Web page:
Be there for youngsters on the rocky road to adolescence

Be there for youngsters on the rocky road to adolescence

SOS Project Founder Junior Smart explains why it is so important to support young people as they transition to secondary school

Many Year 7s will now have found out which secondary school they will be attending in September. Going to ‘big school’ marks a rite of passage for many and everything is new– a new uniform, a new route to school, new teachers and new friends.

For most, it is a very exciting experience. But also a worrying one as they go from being the oldest children in school to being the youngest. This can make them vulnerable and, sadly, some will experience bullying – a newly launched report from the YMCA says over half of young people will be bullied about the way they look. I remember being bullied at school and it was a merciless experience where every mistake costed me dearly. Day in day out, myself and many others were targeted. Worse still you had no choice but to be there within the proximity of someone who wants to target you. If the classroom and playgrounds are not enough then the young people of today are even more up against the odds as the veil of online bullying means it can happen 24 hours a day, 7 days a week and any threat or target can go viral very fast. In a survey by Bullying UK 56% of young people said they have seen others be bullied online and 42% said that they have felt unsafe online.

It is very important to ensure that young people know who and where they can turn to if they need help. Most adults assume that all young people will tell their parents or teachers but we know from heart-breaking stories of abuse and neglect that this is simply not the case. Young people fear reprisals, there is an ‘unspoken code’ to say nothing and those that target the weak play on their vulnerabilities. What about those who lack a loving family and do not open up easily to anyone in ‘authority’? Where is their safe space?

If left unsupported, unfortunately we see many young people take the wrong choice. This may mean they carry a knife to feel safe, this may mean that they become part of a clique to feel wanted or become drawn into the social media hype around drugs or gangs. Our experience shows that once this happens in many ways they are already groomed. Gangs cynically and deliberately target young people who are victims to recruit them to become child drug couriers working through county lines. Those who are very vulnerable slip under the radar as they may not have an adult carer who is looking out for them. Once involved in this lifestyle, staff on the SOS team tell us it can take many years of intensive work to help them get their childhood back. Even once they do, they can continue to have post-traumatic stress disorder from their experiences.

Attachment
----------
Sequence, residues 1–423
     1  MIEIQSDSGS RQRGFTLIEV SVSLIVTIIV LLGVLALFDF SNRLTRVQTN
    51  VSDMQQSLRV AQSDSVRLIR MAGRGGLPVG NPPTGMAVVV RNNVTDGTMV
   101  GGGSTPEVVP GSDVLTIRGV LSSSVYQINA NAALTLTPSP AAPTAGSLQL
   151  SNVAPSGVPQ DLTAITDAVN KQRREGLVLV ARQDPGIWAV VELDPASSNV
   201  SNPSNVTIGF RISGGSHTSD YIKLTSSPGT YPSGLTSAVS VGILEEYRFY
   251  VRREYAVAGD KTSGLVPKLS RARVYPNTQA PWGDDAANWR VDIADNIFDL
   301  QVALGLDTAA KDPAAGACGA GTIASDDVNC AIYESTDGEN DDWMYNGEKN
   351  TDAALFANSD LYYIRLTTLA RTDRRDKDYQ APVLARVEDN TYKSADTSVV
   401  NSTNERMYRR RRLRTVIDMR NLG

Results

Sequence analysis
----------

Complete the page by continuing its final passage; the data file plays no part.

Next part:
This is why we are passionate about the work we do in schools to help young people build the resilience and life skills they need to stay safe and reach out for help if they are uncomfortable about anything. Our SOS+ team are working hard to deliver sessions in primary schools around issues such as knife crime, gangs and drugs to ensure that children have an understanding of these issues and can steer clear. We set them up with a clear space, a safe space where nothing can be not talked about. This is a crucial time for them as the transition to secondary school is when they need to be prepared. We don’t employ scare tactics – we simply use our specially trained young ex-offender facilitators to encourage discussions, explore situations and consequences and build tools and strategies they can use if they encounter any threats.

Just a few weeks ago I was in a primary school and this young girl in year 5 said that she thought she was the cause of being robbed for her phone. When I explained that these groups prey on the weak and she was not at fault she burst into tears. She had not told one adult what had happened to her for fear of being blamed. I then went on to show her and the class how to keep safe and how to remain aware when being out and about. I often wonder what she would have done had she and I not spoken that day.

Although raising awareness amongst young people and equipping them with such tools and strategies is vital, it should not just be down to them to keep themselves safe. We all have a role to play in this – regardless of who we are. The most vulnerable go missing through county lines precisely because no-one misses them. The gangs are communicating and working together but statutory agencies are not always doing so. We need to be much better about turning talk into action. We need to join up services to ensure that these children – who are often ferried around different areas of the country by the gangs – are on everyone’s radar and given the kind, caring support that they deserve.

Leaving childhood and entering adolescence is always a tricky time but they are precious years. Let’s make sure every child is able to look back on them with happy memories.

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